News / Middle East

UN: War Crimes, Atrocities Escalate in Syria

Children push a cart with water containers along a damaged street in old Aleppo, March 11, 2014.
Children push a cart with water containers along a damaged street in old Aleppo, March 11, 2014.
Lisa Schlein
U.N. human rights investigators say the perpetrators of crimes during Syria's civil war will not escape justice.  The U.N. Commission of Inquiry says it is amassing an ever-growing list of suspected war criminals on both sides of the conflict for future use in judicial trials.

In its latest update on the Syrian war, the U.N. investigators present evidence of atrocities and increasingly brutal methods of warfare.  The report says the warring parties use civilians as hostages and human shields in the three year conflict that shows no sign of subsiding.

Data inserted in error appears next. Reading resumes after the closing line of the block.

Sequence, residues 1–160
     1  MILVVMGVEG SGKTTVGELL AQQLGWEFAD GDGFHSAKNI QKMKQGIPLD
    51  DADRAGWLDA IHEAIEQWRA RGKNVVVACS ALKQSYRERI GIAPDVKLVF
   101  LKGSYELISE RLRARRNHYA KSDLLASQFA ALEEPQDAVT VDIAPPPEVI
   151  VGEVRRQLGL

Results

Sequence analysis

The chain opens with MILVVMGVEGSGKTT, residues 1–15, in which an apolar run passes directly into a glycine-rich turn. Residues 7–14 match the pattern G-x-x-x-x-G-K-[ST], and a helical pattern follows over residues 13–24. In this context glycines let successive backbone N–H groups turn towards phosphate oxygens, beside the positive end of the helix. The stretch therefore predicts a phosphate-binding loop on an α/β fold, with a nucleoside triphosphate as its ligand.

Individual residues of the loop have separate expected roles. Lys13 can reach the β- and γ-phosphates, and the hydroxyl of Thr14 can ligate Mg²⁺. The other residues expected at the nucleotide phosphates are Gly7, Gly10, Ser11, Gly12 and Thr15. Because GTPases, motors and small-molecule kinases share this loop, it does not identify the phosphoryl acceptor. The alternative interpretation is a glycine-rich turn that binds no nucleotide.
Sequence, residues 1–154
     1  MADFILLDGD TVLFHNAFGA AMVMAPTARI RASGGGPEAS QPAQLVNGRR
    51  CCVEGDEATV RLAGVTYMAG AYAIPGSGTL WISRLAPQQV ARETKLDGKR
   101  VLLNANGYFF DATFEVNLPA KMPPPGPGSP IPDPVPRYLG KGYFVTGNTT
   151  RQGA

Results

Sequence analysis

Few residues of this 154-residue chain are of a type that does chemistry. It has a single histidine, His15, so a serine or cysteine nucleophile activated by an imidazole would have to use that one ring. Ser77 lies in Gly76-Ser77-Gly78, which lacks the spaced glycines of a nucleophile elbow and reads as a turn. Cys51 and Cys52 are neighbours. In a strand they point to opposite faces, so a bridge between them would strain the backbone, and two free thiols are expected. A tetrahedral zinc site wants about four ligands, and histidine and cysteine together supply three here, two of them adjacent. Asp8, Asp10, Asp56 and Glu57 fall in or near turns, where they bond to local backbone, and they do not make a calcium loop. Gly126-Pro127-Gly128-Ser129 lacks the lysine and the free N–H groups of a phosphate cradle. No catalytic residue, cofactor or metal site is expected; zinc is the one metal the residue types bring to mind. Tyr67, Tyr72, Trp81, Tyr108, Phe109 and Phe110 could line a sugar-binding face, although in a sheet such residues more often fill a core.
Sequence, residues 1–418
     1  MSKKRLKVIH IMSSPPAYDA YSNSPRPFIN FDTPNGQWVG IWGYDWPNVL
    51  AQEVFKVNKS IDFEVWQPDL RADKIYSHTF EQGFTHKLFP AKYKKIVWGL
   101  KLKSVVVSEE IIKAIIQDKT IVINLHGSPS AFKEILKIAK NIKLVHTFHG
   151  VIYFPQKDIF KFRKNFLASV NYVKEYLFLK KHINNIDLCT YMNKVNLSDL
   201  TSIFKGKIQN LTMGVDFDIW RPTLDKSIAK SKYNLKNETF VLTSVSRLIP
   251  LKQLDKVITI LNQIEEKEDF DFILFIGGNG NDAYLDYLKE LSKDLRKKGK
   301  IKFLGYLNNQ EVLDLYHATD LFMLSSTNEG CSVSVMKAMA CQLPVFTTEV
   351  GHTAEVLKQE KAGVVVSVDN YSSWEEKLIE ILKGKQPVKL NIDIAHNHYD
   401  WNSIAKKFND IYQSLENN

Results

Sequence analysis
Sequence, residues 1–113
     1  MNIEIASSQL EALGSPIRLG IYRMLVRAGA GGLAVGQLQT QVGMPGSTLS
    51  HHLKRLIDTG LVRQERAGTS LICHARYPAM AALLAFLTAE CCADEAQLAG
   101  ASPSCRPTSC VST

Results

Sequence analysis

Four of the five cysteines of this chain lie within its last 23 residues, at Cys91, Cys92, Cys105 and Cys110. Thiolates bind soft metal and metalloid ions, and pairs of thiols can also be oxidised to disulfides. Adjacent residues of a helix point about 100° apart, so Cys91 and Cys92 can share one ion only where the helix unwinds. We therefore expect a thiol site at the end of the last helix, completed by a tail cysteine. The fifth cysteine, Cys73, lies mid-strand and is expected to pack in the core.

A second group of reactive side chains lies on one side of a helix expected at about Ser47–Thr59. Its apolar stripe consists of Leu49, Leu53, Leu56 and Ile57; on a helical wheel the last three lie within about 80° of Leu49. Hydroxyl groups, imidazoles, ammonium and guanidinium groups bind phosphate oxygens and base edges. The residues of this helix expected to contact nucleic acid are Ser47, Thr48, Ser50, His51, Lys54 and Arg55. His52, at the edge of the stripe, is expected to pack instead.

The report, submitted to the U.N. Human Rights Council, covers what it calls the “most egregious violations” of human rights committed by government and rebel forces between January 20 and March 10.  It says civilians are repeatedly the victims of acts of terror by both sides.  

The report accuses the al-Qaida linked Islamic State in Iraq and the Levant of using the Children’s Hospital building in the northern Syrian city of Aleppo as its headquarters and as a detention facility.  It says the jihadist group conducted mass executions of detainees in the days and hours before coming under attack by other rebel groups.  

The investigators condemn Syrian government forces for dropping "barrel bombs" on Aleppo and other cities.  It says this weapon has spread terror among the civilian population and has caused many civilian casualties.

U.N. Commission of Inquiry Chairman Paulo Pinheiro warns those suspected of war crimes they will be held accountable one day.  He says the commission has drawn up a list of individuals and entities, military units and security agencies as well as armed groups and their battalions, responsible for violations and crimes.